Today marks 70 years since what was arguably Europe's most beautiful city was bombed into oblivion by the Allies during the Second World War.
In February 1945, Dresden had been spared the destruction suffered by other cities like Berlin and Hamburg, and with the war clearly ending, its citizens must have been confident they would escape a similar fate.
But on February 13, the Allies attacked from the air, killing thousands of people and destroying huge swathes of the historic city. The resulting fire made superheated air rise rapidly, creating a vacuum at ground level that produced winds strong enough to uproot trees and suck people into the flames.
The destruction was immortalised in Kurt Vonnegut's novel 'Slaughterhouse Five'.
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These extraordinary images show the aftermath of the devastation and the city today, showing how it has been rebuilt.
A statue on the tower of City Hall, with an outstretched hand, looking down at the ruins of the city centre wrought by the Allied firebombing of February 13, 1945 (Richard Peter senior, Archive Photos) and the same statue February 12, 2015 (Sean Gallup/Getty Images)
Women in 1946 carrying bricks outside the Martin Luther church in a neighbourhood still wrecked from the February 13, 1945 Allied firebombing. The steeple of the wrecked Roman Catholic cathedral can be seen in the background. (Fred Ramage, Keystone). The entire Neustadt area, as well as the vast majority of the city, were devastated. The modern image shows the same area on February 12, 2015 (Sean Gallup).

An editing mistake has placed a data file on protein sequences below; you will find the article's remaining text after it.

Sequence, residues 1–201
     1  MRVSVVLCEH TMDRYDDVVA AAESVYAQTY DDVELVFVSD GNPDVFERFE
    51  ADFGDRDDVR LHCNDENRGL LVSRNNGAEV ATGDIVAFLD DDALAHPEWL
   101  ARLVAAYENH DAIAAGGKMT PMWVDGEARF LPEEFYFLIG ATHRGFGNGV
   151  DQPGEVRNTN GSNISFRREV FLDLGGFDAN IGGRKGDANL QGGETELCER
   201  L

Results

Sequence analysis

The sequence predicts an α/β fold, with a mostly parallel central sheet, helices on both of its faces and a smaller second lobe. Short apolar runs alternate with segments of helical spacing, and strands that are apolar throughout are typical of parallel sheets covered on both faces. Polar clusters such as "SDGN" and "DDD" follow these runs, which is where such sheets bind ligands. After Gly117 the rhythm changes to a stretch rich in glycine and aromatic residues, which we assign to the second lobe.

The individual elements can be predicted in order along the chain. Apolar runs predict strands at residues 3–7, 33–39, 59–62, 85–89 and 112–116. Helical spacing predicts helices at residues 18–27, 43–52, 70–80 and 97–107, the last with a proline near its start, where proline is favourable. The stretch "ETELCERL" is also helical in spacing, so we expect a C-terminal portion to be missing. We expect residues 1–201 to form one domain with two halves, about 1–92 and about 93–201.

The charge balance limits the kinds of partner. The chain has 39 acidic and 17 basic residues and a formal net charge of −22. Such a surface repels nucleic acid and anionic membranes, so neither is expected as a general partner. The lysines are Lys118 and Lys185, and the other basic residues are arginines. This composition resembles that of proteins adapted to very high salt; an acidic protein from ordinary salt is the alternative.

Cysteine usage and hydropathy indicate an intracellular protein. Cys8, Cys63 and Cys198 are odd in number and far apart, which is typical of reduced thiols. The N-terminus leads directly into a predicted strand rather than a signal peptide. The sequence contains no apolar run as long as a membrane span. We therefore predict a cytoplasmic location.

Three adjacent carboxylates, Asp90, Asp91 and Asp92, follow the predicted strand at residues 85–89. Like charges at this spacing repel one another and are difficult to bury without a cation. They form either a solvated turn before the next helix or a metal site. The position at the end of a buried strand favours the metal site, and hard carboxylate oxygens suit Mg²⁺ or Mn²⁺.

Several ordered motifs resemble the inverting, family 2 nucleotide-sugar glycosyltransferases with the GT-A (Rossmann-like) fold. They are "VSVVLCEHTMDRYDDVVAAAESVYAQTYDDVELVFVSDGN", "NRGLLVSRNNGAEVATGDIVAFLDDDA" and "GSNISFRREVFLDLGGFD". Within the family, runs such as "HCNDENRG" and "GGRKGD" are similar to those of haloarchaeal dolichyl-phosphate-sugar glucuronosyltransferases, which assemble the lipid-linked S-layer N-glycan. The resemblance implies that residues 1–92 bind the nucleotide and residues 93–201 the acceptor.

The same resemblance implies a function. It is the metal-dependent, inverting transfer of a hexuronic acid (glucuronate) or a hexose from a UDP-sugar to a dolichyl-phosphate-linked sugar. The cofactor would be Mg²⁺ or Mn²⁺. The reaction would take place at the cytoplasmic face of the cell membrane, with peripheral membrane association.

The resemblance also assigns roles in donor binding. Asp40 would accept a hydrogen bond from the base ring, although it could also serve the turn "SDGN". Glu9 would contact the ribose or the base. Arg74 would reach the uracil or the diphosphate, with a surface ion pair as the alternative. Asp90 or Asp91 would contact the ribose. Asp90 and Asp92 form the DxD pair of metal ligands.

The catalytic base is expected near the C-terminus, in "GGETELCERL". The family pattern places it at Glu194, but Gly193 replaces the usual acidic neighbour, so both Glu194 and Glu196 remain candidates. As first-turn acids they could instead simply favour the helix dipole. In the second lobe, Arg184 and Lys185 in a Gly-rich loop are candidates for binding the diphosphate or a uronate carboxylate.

The the ruins at Theaterplatz square in 1946 still wrecked from the firebombing (Fred Ramage, Keystone) and the square today, including the Catholic Hofkirche church (central) and Residenzschloss Dresden palace (right), on February 7, 2015 (Sean Gallup).
(Left to right) Propaganda director Heinz Grunewald, Dresden mayor Walter Weidauer and town architect Dr. C. Herbert in March, 1946 outside City Hall (Fred Ramage/Hulton Archive) as well as the same scene on February 12, 2015 (Sean Gallup)
A portion of the Zwinger art museum in 1946 still in ruins (William Vandevert, The LIFE Picture Collection) and people walking in its courtyard on February 12, 2015 (Sean Gallup)
The ruins of buildings around Neumarkt square and a fountain with a statue in 1946 (William Vandevert, The LIFE Picture Collection) as well as the same scene on January 22, 2015 (Sean Gallup)
As part of the commemoration services, German President Joachim Gauck gave a speech saying: "Witnesses who witnessed the inferno, still carry memories to places and people they never met again."
He added: "We know who started the murderous war. And that's why we want and will never forget the victims of German warfare when we recall here and now the German victims."
German President Joachim Gauck delivers a speech during a service in Dresden's Frauenkirche (Church of Our Lady)
- Visitors and members of an association of survivors of bombing lay white roses at the former train station where the Nazis shipped Dresden Jews to concentration camps